To Ecuador: NYC Comptroller Stringer "Goes" Many Extra Miles to Deliver Cheated Worker's Check

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Stringer shown with Consul General Machuca

His check was in the mail for two years but given the $40,000 amount, money that an employer had skimmed off his wages, the wait was well worth it when the worker received it in his native Ecuador, from New York City.

Since 2014, New York City Comptroller Scott Stringer’s office has assessed more than $27 million in prevailing wage violations and paid over $12 million to employees who were cheated out of their wages. It has also debarred 50 contractors who took advantage of workers – setting an office record on debarments.

In 2016, Stringer's office determined that East Port Excavation & Utilities Contractors, Inc., cheated its workers out of nearly $212,000 in prevailing wages for concrete and paving work performed at various public schools and firehouse, and additionally assessed over $75,000 in interest and civil penalties.

Most of East Port Excavation’s underpaid workers received their payment soon after the Comptroller’s Bureau of Labor Law recovered their money in 2017. However one particular worker -- he's not been identified by the Comptroller's office-- had already returned to Ecuador.

While in New York, the worker was hired on 10 City projects and should have been paid the prevailing wage – however, his employer broke the law, paying its workers less than they should have earned. With the help of the Ecuadorian Consulate and the worker’s former union, the Comptroller’s office located the worker in Quito and sent his check using the Consulate’s “diplomatic pouch.”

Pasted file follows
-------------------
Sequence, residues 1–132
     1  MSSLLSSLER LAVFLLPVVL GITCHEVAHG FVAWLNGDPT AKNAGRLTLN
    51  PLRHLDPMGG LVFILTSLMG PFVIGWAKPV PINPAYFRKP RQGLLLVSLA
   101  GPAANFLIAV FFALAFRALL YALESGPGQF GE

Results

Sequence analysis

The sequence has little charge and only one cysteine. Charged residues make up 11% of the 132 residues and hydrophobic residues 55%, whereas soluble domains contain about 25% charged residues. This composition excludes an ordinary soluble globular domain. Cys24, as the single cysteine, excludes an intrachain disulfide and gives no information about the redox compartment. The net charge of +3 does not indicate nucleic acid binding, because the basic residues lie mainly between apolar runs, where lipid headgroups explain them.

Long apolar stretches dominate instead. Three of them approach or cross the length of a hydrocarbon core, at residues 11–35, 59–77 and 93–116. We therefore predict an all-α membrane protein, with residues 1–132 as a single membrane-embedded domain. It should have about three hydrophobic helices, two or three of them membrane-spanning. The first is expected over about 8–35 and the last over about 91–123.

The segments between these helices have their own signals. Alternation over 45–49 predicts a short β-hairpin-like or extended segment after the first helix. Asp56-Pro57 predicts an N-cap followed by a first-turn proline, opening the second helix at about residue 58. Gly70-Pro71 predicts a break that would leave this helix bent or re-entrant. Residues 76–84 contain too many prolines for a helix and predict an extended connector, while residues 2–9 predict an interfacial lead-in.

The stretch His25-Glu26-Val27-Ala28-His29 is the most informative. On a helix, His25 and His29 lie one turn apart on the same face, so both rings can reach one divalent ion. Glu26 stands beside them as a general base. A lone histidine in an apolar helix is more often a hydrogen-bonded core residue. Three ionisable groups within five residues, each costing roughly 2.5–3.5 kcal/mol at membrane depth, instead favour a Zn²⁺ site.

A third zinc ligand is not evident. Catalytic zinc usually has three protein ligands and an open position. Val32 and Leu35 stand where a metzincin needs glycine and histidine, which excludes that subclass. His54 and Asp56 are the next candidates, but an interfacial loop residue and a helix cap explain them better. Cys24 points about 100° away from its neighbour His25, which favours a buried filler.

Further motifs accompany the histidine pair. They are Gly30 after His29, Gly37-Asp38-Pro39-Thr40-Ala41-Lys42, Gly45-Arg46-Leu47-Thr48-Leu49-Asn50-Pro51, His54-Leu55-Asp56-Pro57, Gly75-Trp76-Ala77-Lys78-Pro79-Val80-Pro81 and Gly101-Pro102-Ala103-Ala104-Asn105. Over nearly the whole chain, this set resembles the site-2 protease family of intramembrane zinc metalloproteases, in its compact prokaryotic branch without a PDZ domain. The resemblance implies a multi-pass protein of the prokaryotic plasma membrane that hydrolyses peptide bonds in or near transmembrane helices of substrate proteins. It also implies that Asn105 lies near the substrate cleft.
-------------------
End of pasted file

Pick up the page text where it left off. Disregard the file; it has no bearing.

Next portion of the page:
The Bureau contacted the worker’s former union, Laborers’ Local 1010 which located the worker in Ecuador and assisted him in obtaining the necessary Individual Taxpayer Identification Number. After months of communication and processing of paperwork, the $40,000 in checks were issued and Stringer sought the assistance of the Ecuadoran Consulate to safely deliver the checks to Ecuador using their diplomatic pouch.

“This is a very special case to us. We debarred this contractor for cheating 11 workers – most of whom were immigrants – and we are now able to reunite this Ecuadorian worker overseas with the wages he deserved,” Stringer said. “We will always go the extra mile – or miles – to connect workers with the wages that they are rightfully owed. Regardless of the policies coming out of Washington D.C., my office will not allow the exploitation of immigrant workers. We will remain vigilant in enforcing prevailing wage laws and ensure workers are paid fairly regardless of their immigration status.”

The Comptroller’s Bureau of Labor Law works with Consuls General to find underpaid workers on City public work projects who have moved abroad and safely deliver their unpaid wages to them in their home countries.

Stringer added: “I want to thank the Coalition of Latin American Consuls in New York, CLACNY, for working with us through the years, and in this case in particular the Ecuadorian Consulate’s office, Consulate General of Ecuador Linda Machuca for their assistance in making sure this worker gets his check in Ecuador.”

Ms. Machuca said some employers exploit workers who are unfamiliar with the laws. “Many immigrant construction workers are cheated out of their salaries because they mistakenly think they don’t have the right to ask for a fair payment," she said. "Thanks to the efforts of the Comptroller's office and because an immigrant worker had the courage to tell his story, today we can celebrate that a compatriot of ours will receive fair compensation for his honest work."

The Consul General added: "We are very happy to facilitate this process through the support offered by the Government of Ecuador to the migrant community in the United States and we hope to continue working together so that more immigrants can benefit.”

Workers on New York City public work projects that believe they have been cheated out of prevailing wages should call our Labor Law hotline at 212-669-4443 or via email: laborlaw@comptroller.nyc.gov. All calls are confidential.

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